2. What do I want to be Swiss?
A. I identify with Swiss values of freedom and democracy. I enjoy the order and peace. Some of my children have already naturalised and will be staying here. My Swiss grandchildren will be growing up here. I have no real ties with my native land, except for elderly parents and my sisters. My family is here and is likely to stay here.

3. How do I participate in Swiss life?
I regular go to festivals and celebrations. I regular attend a Swiss church where they speak mainly dialect. I'm a member of a small group within that church where most people are Swiss. I use Swiss services and shops. I'm learning dialect so that I can understand better when people address me in dialect, although I don't think I'll ever speak dialect convincingly.

That's how I'd answer. Going through the process now, but I've not had to answer those questions in writing. They'll be part of the second interview concerning integration. I did have to write an account of my life in Switzerland.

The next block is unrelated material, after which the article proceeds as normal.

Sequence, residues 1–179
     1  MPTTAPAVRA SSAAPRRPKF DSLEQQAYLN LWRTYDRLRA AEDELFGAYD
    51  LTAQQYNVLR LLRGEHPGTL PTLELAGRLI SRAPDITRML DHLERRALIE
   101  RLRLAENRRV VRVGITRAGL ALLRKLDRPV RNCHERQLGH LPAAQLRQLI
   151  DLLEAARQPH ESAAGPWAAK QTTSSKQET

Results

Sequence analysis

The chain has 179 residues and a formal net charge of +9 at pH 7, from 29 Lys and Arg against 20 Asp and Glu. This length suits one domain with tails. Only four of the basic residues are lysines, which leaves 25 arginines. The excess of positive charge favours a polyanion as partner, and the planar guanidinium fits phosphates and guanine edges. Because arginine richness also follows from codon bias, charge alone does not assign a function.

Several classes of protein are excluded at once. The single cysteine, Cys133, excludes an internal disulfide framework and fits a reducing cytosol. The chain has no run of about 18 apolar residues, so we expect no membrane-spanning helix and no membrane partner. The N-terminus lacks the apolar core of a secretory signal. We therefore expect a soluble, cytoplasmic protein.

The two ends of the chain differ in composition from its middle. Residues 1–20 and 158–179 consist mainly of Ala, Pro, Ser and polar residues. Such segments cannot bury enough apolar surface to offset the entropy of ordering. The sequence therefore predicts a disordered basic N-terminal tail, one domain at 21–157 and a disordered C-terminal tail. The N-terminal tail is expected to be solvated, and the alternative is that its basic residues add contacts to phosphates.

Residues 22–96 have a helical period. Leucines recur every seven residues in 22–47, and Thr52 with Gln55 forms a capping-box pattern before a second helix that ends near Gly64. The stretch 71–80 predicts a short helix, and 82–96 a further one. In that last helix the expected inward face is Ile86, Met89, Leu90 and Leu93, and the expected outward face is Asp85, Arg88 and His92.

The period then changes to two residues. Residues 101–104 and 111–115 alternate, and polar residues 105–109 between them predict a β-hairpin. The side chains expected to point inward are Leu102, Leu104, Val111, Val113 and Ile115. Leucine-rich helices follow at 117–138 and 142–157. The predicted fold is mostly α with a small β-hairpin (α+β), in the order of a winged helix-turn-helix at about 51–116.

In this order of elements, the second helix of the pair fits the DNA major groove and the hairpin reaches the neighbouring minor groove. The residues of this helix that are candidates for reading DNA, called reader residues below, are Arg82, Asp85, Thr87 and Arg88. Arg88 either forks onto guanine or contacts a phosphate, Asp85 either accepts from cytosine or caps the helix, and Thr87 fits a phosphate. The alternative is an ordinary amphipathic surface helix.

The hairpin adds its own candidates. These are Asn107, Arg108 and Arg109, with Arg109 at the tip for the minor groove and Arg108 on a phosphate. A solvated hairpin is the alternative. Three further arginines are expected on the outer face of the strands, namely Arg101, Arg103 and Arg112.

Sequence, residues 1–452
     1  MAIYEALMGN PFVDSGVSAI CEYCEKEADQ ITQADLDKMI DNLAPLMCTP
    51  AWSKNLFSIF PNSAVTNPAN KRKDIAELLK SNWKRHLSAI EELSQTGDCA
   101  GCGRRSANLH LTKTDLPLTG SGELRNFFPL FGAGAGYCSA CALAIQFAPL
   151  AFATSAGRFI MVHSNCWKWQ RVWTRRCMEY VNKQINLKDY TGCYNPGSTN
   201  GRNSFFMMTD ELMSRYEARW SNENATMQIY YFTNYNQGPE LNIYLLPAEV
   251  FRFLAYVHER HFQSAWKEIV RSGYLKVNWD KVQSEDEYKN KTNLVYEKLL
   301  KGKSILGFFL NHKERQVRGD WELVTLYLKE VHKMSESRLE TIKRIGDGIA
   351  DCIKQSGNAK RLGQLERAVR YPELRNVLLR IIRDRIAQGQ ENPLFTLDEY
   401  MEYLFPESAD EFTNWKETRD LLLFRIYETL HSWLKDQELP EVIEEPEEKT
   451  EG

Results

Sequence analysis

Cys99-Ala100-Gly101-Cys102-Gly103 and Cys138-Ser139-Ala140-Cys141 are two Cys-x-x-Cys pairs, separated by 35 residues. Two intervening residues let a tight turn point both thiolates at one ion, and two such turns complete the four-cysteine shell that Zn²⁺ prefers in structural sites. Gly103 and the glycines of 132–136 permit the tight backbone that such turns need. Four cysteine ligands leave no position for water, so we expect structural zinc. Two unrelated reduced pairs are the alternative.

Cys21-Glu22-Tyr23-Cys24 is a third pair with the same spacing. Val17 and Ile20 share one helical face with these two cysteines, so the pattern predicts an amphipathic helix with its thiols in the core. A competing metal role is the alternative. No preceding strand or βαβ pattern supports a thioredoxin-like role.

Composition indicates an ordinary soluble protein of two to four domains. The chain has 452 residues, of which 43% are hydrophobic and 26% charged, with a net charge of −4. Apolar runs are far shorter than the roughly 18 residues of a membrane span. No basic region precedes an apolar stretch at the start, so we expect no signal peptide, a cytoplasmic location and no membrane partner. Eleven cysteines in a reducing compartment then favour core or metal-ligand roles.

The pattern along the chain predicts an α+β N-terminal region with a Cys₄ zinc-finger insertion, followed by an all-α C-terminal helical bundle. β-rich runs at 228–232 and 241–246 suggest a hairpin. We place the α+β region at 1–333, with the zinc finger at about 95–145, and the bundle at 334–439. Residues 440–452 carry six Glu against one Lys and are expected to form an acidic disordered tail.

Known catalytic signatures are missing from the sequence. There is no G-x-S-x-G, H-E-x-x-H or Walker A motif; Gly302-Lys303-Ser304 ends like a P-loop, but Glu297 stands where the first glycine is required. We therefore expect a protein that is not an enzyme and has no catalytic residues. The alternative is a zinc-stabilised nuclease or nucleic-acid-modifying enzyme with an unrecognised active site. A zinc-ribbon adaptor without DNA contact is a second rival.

At least where I live membership of local clubs and organisations is not a requirement. They just want to know that you pay your taxes, don't live in an expat bubble and don't cause trouble.
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Old 18.08.2021, 10:20
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Re: Why do i want to be Swiss?

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The original text of the first question would be nice, since your translation seems a bit off.

I'm guessing.
1. How do I feel about future access to civil rights?
A. One of the drivers behind wanting Swiss citizenship is the ability to vote. I consider voting the cornerstone of a democratic society, and feel I want to be able to have a say in the country where I want to be for the rest of my life.